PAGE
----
However, HMRC’s rules say that there is no benefit-in-kind charge for the premiums that a contractor’s limited company pays out on RLPs. The contractor’s employer – their limited company - foots the entire bill. There are no income tax or NIC liabilities for either the contractor or their company.
5. The benefits do not form part of an employee’s pension lifetime allowance
Another major benefit of RLP is that the policy does not count towards the contractor’s lifetime allowance for pensions. Contractors have a limit of how much they can accumulate in a pension before they have to start paying tax, which is £1.25m for the 2015/16 tax year.
Lump sum payments from a registered pension scheme would be included in this pot, and amounts in excess of the lifetime allowance are taxed at 55%. However, RLPs are not included so higher earners in particular will benefit.
6. The lump sum can be worth up to 15x salary and dividends
When employed, many contractors will recall that their death-in-service benefit would have paid out a multiple of their salary, typically between three and five times. RLPs recognise that contractors take their remuneration tax efficiently through a combination of a low salary and dividends.
Contractors can choose to take out a policy that pays out the multiple of salary and dividends that they choose, or can best afford. Although there is no statutory maximum, the maximum multiple offered by most providers is typically 15x salary and dividends, which for high earning contractors can be a considerable sum to leave to their loved ones.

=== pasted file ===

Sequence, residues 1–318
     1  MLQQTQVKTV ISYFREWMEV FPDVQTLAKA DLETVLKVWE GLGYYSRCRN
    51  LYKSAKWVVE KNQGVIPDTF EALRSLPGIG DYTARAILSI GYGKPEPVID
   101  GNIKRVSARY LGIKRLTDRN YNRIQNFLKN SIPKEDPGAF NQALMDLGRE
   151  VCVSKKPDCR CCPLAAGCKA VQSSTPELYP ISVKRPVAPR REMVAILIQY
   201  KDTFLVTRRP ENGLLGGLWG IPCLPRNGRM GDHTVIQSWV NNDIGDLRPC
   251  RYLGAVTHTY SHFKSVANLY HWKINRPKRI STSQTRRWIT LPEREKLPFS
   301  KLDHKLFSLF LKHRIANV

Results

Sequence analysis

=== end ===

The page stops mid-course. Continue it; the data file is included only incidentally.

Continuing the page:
7. The payout is free from income tax and inheritance tax
As well as being tax efficient to pay for, an RLP is also tax efficient when paying out. There are no income tax or inheritance tax liabilities for the contractor or their dependents should the contractor suffer an untimely death and the policy pays out.
8. RLPs only include death benefits and only pay out a lump sum
As well as understanding the benefits, it is important for contractors to understand what RLPs won’t cover. An RLP will only pay out a lump sum to a contractor’s dependents in the event of their death. An RLP is not a critical illness or income protection policy.
Contractors should make separate provision for income protection in the event that they become too ill to work. Their RLP is not a substitute for this kind of protection.
9. There is no surrender value
Unlike some pensions and investments that pay out if they are cancelled early, an RLP is a life insurance policy. It remains in force as long as the contractor’s limited company maintains the premiums and none of the conditions of the cover are breached. If the contractor chooses to stop paying the premiums, then the cover simply stops and there is no surrender value.
10. Policies must not be set up for tax avoidance purposes
RLPs use discretionary trusts that are taken out and paid for by the employer – the contractor’s limited company – to pay the beneficiaries: This type of financial structure is open to abuse and under some circumstances can be used as a tax avoidance vehicle.
For that reason, financial services providers stipulate that the contractor can only specify individuals, such as family members, and charities as beneficiaries. The employer, the contractor’s limited company, cannot be a beneficiary to avoid any suggestion that the policy has been created for tax avoidance purposes.
Contractors should seek professional advice from a financial adviser before taking key decisions about RLPs and other forms of protection.